How to sum up the results of multiple variables using the same experiment for correlation analysis?

#1
Hello everyone,

I need some help with the analysis part of my bachelor thesis.
To sum it up, I used the Ellsberg-Experiment (two urns, a certain amount of balls in both of them, one has the color distribution 50/50, the distribution of the other is unknown). I then asked people to fill out a Big 5 personality inventory. What I'm trying to determine is whether Big Five personality traits have an influence on whether people choose the urn with the unknown distribution of colors more frequently.

The context behind is Ellsbergs Experiment from 1961 where it was speculated that people have a natural tendency to avoid ambiguity aka the urn with the unknown color distribution.

Now, I made four experiments inspired by this, each one with different amounts of balls in them to make sure the amount of balls wouldn't influence the answers (as in - trying to avoid that people would prefer for example the urn with known color distribution in more simple designs where the amount would only be 10 balls, while maybe avoiding it when the amount of balls would be 1000 and imagining the outcome possibilities would be a more complex process). So each of these four experiments are essentially the same with different amounts of balls. They either choose one urn or the other. And they are all presented in one survey, so I don't have multiple subject groups, just one.
Now, my professor advised me to merge all of these four results into one variable for my Pearsons R analysis. I was very unsure of how to do this, but I read somewhere that in this case it would make sense to multiply all four of these with each other, like you do with an interaction variable. So I did exactly that. Before that I coded the results of each experiment into four dummy variables (0 for urn 1, 1 for urn 2), one variable for each experiment respectively.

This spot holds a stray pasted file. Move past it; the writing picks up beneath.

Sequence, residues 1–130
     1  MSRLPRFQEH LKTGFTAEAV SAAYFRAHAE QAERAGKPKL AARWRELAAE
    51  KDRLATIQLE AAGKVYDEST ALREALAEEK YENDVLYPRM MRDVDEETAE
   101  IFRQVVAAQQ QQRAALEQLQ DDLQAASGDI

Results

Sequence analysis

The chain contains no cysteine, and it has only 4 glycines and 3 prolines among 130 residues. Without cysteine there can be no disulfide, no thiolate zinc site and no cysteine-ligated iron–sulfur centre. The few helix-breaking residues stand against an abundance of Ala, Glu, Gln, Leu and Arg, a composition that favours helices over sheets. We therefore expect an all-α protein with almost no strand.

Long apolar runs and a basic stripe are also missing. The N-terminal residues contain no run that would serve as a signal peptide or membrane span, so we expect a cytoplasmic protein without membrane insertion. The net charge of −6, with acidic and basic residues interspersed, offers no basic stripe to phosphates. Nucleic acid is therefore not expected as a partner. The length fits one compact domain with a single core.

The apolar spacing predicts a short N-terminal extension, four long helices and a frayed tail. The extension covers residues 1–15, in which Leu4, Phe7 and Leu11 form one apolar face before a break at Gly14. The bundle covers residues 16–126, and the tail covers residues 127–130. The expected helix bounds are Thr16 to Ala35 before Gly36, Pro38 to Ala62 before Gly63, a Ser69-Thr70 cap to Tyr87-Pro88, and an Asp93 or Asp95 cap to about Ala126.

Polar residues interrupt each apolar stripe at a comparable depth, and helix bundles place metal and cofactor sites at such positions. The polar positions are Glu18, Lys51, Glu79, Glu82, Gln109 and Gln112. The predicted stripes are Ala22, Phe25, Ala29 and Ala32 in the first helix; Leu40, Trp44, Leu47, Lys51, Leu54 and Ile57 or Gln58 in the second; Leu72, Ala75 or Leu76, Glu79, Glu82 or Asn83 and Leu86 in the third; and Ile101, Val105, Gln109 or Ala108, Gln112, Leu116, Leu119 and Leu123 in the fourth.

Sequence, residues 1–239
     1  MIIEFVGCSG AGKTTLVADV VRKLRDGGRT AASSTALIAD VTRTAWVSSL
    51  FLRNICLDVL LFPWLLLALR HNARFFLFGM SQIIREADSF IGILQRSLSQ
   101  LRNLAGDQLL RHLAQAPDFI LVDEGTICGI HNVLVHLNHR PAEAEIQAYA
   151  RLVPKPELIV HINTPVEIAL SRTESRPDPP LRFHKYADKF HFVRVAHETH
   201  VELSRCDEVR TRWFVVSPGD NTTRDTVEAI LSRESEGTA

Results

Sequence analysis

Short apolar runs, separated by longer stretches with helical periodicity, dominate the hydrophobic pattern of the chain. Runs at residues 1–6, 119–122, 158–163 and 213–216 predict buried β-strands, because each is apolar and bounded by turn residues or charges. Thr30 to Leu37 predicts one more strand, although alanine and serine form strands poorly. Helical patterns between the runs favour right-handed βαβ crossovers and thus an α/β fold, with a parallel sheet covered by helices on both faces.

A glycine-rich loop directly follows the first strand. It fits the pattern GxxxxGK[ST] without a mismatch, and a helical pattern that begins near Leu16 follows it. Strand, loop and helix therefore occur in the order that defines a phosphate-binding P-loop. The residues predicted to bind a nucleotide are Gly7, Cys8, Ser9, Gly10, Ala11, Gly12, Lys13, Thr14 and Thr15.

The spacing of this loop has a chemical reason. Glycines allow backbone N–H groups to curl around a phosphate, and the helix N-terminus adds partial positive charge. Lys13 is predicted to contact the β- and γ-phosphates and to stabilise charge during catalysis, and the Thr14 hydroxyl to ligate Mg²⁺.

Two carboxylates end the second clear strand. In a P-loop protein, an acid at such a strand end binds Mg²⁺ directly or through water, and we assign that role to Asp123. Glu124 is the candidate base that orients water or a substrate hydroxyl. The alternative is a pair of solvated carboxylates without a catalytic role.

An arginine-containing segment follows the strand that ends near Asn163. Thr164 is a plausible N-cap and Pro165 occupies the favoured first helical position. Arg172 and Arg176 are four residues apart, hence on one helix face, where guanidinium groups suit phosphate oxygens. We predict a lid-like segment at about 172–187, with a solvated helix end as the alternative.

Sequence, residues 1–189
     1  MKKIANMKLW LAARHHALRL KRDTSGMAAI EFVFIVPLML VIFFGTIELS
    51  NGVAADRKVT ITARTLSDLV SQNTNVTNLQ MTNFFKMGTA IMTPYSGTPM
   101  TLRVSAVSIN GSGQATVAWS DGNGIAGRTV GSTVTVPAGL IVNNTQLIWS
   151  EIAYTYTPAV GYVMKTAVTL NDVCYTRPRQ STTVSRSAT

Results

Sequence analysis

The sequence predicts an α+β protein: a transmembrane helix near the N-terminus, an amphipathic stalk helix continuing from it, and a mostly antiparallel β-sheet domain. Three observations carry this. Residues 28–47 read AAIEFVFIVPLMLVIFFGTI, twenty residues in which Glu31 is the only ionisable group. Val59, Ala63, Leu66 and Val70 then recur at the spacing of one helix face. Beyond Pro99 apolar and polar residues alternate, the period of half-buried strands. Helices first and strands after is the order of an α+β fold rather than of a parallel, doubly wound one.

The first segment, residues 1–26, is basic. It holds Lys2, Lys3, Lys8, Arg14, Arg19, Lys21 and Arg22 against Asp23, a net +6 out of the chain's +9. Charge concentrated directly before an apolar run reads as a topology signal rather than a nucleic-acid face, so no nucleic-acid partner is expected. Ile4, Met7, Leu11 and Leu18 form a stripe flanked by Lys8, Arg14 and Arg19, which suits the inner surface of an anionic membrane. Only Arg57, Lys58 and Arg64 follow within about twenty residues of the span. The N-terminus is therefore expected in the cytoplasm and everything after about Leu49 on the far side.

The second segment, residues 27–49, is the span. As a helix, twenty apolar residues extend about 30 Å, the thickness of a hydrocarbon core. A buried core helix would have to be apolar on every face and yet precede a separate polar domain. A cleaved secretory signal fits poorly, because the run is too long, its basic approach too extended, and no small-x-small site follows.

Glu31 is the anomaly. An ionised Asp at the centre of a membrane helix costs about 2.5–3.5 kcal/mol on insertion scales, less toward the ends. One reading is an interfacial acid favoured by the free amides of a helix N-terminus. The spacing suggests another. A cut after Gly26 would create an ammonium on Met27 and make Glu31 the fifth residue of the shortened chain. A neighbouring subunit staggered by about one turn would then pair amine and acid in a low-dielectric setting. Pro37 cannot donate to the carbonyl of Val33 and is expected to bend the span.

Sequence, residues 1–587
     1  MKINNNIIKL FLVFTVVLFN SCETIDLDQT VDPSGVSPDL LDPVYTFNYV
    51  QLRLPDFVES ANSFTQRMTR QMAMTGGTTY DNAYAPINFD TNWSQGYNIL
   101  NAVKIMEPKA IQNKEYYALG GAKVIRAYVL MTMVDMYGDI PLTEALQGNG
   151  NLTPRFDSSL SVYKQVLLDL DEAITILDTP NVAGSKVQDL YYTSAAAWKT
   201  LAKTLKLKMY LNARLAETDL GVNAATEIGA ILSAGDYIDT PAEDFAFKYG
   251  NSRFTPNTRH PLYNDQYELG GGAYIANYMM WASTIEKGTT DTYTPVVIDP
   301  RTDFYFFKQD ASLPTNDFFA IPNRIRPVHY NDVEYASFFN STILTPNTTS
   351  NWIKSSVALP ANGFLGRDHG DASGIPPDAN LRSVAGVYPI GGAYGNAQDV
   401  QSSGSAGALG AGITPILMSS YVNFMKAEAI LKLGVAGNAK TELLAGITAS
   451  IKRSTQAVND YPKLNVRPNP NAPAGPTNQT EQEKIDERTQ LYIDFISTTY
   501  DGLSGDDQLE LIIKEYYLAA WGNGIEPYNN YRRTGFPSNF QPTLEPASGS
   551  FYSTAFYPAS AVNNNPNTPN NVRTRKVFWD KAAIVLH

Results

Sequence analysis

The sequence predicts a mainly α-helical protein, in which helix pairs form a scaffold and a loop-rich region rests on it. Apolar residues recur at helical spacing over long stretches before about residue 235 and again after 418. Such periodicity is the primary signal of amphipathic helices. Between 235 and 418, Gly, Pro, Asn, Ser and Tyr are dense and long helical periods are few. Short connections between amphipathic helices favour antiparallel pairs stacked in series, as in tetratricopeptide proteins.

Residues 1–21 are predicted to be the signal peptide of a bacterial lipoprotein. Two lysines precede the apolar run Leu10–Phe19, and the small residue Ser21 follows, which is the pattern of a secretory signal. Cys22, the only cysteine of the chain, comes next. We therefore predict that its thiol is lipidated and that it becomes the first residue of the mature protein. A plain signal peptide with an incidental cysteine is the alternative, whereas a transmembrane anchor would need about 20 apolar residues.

I have to mention I'm really not good at statistics and was pretty insecure about this. So naturally, I asked my prof again - was this the right way? I explained in detail what I did and he basically signed off on it and said it surely would work out that way.
Now I've given him my first draft of the thesis in which I also explained that I multiplied these four variables in the Method section.
His feedback regarding this was that I would have to explain more clearly how I summed up the results of those four experiments, because you'd need at least two variables to compute an interaction variable and that these urns are not able to interact with each other.

And now, I'm just really confused. Was multiplying them even the right way? He's very much the type to say 'I'm sure you'll figure this out' when asked specific questions, so I have a feeling pressing him further about this won't result to anything, if he would even reply to my messages.

I hope I was able to explain this well enough, as this isn't my first language and I sincerely hope someone can help me, because I have searched in various places and just can't seem to find a definitive answer.
 
#2
How to sum up the results of multiple variables using the same experiment for correlation analysis?

The maximum degree of linear association that may be produced between two or more independent variables and a single dependent variable is determined by the multiple correlation coefficient (R). (R is never written with a Plus or a minus sign.) The proportion of the total variance in the dependent variable that can be explained by the independent variables is known as R2.) Each of the independent variables is properly weighted to ensure that their composite has the greatest potential correlation with the dependent variable. Because, like any statistic, the derivation of these weights (beta coefficients) is always influenced by sampling error (the R is always inflated), the multiple R is properly “shrunken” to account for the bias caused by sampling error.